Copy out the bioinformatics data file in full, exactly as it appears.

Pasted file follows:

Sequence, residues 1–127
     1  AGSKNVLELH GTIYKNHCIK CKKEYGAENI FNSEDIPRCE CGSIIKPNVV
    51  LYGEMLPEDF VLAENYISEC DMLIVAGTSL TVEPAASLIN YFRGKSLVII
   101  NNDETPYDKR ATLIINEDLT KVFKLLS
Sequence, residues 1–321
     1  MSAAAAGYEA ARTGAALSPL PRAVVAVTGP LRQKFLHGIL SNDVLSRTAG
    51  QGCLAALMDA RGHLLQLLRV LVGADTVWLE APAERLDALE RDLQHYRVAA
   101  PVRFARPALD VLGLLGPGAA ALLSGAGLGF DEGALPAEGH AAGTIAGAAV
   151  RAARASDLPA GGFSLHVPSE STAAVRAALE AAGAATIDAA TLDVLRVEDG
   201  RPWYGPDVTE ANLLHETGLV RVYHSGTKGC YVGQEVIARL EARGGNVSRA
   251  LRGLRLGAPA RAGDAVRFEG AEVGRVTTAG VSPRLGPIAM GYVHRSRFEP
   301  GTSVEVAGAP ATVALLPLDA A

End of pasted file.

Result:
Sequence, residues 1–127
     1  AGSKNVLELH GTIYKNHCIK CKKEYGAENI FNSEDIPRCE CGSIIKPNVV
    51  LYGEMLPEDF VLAENYISEC DMLIVAGTSL TVEPAASLIN YFRGKSLVII
   101  NNDETPYDKR ATLIINEDLT KVFKLLS
Sequence, residues 1–321
     1  MSAAAAGYEA ARTGAALSPL PRAVVAVTGP LRQKFLHGIL SNDVLSRTAG
    51  QGCLAALMDA RGHLLQLLRV LVGADTVWLE APAERLDALE RDLQHYRVAA
   101  PVRFARPALD VLGLLGPGAA ALLSGAGLGF DEGALPAEGH AAGTIAGAAV
   151  RAARASDLPA GGFSLHVPSE STAAVRAALE AAGAATIDAA TLDVLRVEDG
   201  RPWYGPDVTE ANLLHETGLV RVYHSGTKGC YVGQEVIARL EARGGNVSRA
   251  LRGLRLGAPA RAGDAVRFEG AEVGRVTTAG VSPRLGPIAM GYVHRSRFEP
   301  GTSVEVAGAP ATVALLPLDA A